As with most fields of the area, Hamtramck Stadium was available for rental for other sporting events or activities.[2] The site hosted a number of high school baseball and football games, as well as, in 1934, a football game between Wilberforce University and West Virginia State University, two Historically black colleges and universities.[2]

In the mid-1930s, the Works Progress Administration (WPA) constructed Keyworth Stadium near Hamtramck Stadium.[3] In 1938 (and again in 1946) former lumber company acreage near the stadium was purchased and developed into baseball and softball diamonds, making the area into a recreational campus known as Recreational Park (now Veterans Park).[2]

In 1940, the stadium was acquired by the city of Hamtramck.[8] In 1941, the WPA, in partnership with the Wayne County Road Commission and the city of Hamtramck, renovated Veterans Park, including the Hamtramck Stadium. The project was jointly sponsored by the and the City[clarification needed]. The total cost of the project was $200,000. It is uncertain what the 1941 renovation entailed, but it is certain that at least the steel frame of the grandstand is original.[2]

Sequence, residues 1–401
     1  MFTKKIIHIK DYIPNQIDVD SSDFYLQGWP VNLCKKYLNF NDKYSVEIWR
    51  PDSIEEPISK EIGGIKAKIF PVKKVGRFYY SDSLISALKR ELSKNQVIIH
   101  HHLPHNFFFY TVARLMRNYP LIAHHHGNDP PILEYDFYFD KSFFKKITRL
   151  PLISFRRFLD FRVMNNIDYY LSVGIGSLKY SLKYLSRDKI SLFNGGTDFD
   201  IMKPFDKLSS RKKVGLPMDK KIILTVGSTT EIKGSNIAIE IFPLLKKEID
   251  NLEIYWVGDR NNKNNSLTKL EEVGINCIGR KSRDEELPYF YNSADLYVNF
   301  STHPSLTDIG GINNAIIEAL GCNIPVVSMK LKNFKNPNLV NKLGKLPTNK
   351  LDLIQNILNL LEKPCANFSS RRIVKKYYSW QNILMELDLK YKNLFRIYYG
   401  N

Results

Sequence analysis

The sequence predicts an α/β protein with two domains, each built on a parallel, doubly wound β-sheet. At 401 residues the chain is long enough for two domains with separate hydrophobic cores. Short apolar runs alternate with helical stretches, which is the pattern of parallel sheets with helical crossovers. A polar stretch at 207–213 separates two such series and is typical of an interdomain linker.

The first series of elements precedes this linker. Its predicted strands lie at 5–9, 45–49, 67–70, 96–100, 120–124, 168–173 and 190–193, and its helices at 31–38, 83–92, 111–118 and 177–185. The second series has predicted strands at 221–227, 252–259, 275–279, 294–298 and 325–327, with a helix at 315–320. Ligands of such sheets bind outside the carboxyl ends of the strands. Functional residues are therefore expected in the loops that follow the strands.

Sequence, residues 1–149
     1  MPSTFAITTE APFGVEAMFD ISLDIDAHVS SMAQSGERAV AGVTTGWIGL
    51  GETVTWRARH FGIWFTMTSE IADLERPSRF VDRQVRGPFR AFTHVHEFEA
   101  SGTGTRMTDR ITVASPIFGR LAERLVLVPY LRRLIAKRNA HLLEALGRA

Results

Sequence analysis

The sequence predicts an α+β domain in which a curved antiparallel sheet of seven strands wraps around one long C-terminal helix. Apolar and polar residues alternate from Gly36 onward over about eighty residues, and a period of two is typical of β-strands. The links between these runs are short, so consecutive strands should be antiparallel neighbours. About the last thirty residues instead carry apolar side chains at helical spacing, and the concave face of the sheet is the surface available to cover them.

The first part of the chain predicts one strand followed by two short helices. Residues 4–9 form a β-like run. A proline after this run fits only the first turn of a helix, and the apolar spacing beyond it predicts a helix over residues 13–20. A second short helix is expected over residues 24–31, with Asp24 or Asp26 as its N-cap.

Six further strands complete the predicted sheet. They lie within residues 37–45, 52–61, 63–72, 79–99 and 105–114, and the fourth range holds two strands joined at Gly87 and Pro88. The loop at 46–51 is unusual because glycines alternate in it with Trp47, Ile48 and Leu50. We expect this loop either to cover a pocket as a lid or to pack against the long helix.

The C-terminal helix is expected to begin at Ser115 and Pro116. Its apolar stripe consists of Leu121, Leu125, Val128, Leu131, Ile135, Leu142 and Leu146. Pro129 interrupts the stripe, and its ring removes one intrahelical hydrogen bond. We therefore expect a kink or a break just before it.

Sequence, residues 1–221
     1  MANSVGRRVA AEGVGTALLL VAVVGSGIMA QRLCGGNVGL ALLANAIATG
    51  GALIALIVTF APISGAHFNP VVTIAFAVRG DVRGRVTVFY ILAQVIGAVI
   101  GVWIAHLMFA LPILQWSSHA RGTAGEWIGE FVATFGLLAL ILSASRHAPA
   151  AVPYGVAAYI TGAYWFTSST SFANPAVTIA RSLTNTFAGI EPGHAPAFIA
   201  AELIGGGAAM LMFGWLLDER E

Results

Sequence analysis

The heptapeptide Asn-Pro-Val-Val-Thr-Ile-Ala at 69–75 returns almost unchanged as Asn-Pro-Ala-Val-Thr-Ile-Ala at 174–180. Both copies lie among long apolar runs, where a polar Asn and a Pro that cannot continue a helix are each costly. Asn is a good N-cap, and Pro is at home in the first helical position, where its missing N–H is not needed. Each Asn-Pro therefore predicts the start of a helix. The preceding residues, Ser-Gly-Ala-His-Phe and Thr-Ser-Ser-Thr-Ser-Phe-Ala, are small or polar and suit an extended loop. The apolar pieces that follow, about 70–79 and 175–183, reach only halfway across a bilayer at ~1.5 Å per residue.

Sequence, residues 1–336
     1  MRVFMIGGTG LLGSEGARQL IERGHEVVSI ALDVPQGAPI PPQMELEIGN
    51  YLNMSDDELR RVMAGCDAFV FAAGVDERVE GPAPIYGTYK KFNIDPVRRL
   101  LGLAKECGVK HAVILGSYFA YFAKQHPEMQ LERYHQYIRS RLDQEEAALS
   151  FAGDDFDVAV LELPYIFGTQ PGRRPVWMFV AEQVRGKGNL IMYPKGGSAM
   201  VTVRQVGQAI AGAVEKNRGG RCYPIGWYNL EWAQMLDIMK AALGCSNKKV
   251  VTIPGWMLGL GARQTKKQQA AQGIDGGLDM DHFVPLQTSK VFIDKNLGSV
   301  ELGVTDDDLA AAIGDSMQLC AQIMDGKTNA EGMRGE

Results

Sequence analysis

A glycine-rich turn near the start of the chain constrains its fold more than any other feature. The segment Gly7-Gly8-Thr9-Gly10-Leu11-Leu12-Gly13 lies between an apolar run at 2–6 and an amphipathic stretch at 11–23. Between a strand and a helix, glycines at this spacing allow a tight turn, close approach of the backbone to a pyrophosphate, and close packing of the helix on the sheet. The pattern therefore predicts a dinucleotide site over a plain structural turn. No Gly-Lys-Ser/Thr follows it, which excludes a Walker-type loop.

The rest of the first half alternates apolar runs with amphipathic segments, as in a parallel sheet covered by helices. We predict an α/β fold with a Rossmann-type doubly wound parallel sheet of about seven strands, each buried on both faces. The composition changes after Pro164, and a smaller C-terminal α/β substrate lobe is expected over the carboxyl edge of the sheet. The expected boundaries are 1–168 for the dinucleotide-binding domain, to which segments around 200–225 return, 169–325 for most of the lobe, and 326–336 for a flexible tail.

After this renovation, the stadium was used by church leagues and leagues associated with the nearby Dodge Main plant. Hamtramck High School and teams from both St. Ladislaus High School and St. Florian High School also regularly used the field. Starting in 1953, the field was used by Hamtramck's Little League Baseball teams. Over the years, eleven Hamtramck teams in the various Little League divisions went to their division's World Series, with two winning the title.[2]

In 1955, concession and maintenance buildings were constructed along the field's third base line. In 1973, the grandstand was again renovated, where the roof, seating, and ramps of the grandstand were rebuilt. This renovation reduced the grandstand to approximately half of its original size. Additional renovations carried out in 1976 eliminated portions of the arms extending on each side of the grandstand.[2]